Boat Review: Jarrett Bay 53

Jarrett Bay's most recent launch, a 53-footer named Contango, was designed specifically for marlin fishing and "couldn't be a more perfect fit."

November 4, 2008


Some North Carolina boatbuilders chose to move away from the quintessential “Carolina” look in recent years, but not Jarrett Bay. Even from a distance, there’s no mistaking that knife-like entry, foredeck flare and beautiful woodwork. Jarrett Bay’s most recent launch, a 53-footer named Contango, was designed specifically for marlin fishing and “couldn’t be a more perfect fit,” according to its Ocean City, Maryland-based owner, Walt Kuhn.

Kuhn owned a lot of other boats prior to the 53, his latest being a Jarrett Bay 42. “The 42 proved ideal for the fishing we did at the time,” says Kuhn, “mostly chunking for tuna out in the canyons. But when I started focusing more on marlin, I felt we really needed a higher vantage point to see the fish. The elevation on the express bridge just wasn’t enough. So I went for the flybridge model, which elevates the captain enough that I don’t feel the need for a tower.”

Despite its 62,000-pound displacement, the Jarrett Bay 53 more than holds its own against other fishing rockets out there. At wide-open throttle, she flies across the sea at 44 knots, turning 2,421 rpms and burning 170 gph. And although you probably wouldn’t want to burn that much fuel on a regular basis, Kuhn plans to travel far and wide on the boat’s 1,100 gallons of fuel. And it’s easy to stretch out the range by easing back to less than 30 knots where fuel flow is just under 85 gph.


Capt. Peter DuBose ran this new boat during both the Big Rock and the Hatteras Marlin Club tournaments. “I think the performance aspect I like the most has to be the up-sea ride. It’s incredibly dry and smooth. The first time we ran out into six- to eight-foot seas, we slowly came up to speed to see how the boat would handle it. We just kept inching the throttles forward, and before we knew it, we were running straight into it at 28 knots!”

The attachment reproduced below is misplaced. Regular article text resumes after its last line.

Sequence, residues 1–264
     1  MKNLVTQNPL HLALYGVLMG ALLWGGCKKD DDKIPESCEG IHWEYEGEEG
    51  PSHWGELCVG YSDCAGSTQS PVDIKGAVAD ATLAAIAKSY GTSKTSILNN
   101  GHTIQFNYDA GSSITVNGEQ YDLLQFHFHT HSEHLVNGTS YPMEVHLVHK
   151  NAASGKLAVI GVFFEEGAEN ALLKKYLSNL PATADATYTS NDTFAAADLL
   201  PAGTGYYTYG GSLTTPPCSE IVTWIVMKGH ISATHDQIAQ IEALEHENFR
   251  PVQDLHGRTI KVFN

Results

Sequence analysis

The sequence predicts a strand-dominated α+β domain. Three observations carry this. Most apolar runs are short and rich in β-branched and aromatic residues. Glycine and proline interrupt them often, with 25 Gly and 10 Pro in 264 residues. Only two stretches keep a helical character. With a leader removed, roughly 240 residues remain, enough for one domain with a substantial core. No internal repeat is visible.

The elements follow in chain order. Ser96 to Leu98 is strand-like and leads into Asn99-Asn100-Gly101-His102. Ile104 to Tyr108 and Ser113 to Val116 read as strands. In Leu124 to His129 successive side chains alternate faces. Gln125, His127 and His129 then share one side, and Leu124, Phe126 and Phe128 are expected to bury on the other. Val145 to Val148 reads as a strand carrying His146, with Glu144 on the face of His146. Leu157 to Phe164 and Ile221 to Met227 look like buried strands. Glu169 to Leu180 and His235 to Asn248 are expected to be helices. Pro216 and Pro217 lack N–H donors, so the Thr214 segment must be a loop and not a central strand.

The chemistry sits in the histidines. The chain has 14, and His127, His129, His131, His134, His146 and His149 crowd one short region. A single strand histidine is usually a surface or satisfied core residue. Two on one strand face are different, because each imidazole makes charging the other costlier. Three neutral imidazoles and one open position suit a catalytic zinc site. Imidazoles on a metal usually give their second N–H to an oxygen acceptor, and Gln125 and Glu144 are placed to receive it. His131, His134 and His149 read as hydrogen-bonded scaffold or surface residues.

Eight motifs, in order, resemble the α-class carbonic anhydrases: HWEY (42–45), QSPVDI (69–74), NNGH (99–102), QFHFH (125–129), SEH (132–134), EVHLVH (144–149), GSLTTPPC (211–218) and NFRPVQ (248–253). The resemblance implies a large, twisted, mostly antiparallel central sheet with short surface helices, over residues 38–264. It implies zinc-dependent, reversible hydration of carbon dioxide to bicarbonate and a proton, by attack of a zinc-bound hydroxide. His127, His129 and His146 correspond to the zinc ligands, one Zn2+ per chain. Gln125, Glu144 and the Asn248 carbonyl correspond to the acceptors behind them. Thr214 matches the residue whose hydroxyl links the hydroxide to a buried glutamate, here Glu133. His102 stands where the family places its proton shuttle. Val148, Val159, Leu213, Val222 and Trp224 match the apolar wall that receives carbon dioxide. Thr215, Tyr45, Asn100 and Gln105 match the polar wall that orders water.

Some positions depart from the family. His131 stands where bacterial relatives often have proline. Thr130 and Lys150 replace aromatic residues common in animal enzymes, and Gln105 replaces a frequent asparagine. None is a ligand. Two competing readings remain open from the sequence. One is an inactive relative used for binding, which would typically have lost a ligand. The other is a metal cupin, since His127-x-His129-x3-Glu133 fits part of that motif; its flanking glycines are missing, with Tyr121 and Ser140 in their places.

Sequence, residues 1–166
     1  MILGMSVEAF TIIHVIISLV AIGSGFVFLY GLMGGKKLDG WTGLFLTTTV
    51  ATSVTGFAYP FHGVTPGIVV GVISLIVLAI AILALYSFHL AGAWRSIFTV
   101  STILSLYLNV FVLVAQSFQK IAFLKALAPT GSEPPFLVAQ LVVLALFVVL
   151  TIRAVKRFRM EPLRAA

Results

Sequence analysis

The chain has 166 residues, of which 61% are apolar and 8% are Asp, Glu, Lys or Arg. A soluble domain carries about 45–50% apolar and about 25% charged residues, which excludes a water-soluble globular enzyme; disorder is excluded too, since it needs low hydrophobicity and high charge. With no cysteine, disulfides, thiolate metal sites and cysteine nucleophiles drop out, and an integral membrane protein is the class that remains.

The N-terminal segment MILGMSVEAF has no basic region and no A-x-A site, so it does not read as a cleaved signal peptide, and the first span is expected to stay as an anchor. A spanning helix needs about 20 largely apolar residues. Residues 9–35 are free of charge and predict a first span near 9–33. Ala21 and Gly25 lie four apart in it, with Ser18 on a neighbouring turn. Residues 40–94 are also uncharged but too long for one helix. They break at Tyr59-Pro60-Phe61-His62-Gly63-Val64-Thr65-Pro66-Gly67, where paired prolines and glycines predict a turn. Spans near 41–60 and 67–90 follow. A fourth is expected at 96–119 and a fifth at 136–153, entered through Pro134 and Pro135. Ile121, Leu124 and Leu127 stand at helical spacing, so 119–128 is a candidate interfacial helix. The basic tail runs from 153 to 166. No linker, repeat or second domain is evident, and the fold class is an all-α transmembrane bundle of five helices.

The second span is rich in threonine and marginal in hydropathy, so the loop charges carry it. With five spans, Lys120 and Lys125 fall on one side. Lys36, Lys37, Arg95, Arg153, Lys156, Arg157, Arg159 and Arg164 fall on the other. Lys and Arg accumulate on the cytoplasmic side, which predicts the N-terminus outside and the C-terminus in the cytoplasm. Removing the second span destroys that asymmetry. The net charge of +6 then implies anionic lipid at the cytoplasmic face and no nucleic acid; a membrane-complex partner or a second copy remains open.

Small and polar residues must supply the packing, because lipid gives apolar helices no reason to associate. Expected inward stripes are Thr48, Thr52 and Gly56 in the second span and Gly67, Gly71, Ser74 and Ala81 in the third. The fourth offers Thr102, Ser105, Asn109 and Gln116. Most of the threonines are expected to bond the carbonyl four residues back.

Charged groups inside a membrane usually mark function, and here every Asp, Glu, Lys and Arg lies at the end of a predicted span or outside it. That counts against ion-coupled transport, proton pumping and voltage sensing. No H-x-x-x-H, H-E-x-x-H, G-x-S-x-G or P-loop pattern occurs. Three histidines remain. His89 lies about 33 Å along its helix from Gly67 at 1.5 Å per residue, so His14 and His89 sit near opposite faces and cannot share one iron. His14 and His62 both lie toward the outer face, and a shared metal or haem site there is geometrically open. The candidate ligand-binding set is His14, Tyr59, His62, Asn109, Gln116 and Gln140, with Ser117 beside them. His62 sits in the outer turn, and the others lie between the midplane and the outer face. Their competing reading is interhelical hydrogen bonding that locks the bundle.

DuBose also warns that, “This boat has instant response. Though it doesn’t lean over dramatically in a turn, you still need to be careful not to crank it over too hard at cruising speed, or you take the chance of tossing your guests around.”

Though Contango sports Jarrett Bay’s typical sharp bow, it flattens out substantially at the transom, making for a very stable platform in beam-to seas.


“Things got pretty nasty heading back in during the Hatteras Marlin Club tournament one day,” says Kuhn. “But we can always find a throttle-setting sweet spot. I judge the ride by whether or not I can mix a day’s-end cocktail in the salon while under way. If I can’t, we slow down a bit more.”


In addition to the obligatory bench seats forward of and alongside the flybridge console, Contango boasts a set of unique bucket seats that provide excellent lateral support in rough seas and are incredibly comfortable. You’ll also find a separate freezer on the flybridge, usually dedicated to storing baits on long journeys. Recently, Jarrett Bay moved to building electronics consoles that rise from secure hiding places on rams. This 53, however, steps back a bit technology-wise and uses clean and simple flip-up doors to cover the electronics. You’ll also find a recessed area overhead to contain your teaser reels and a beautiful EZ2CY enclosure.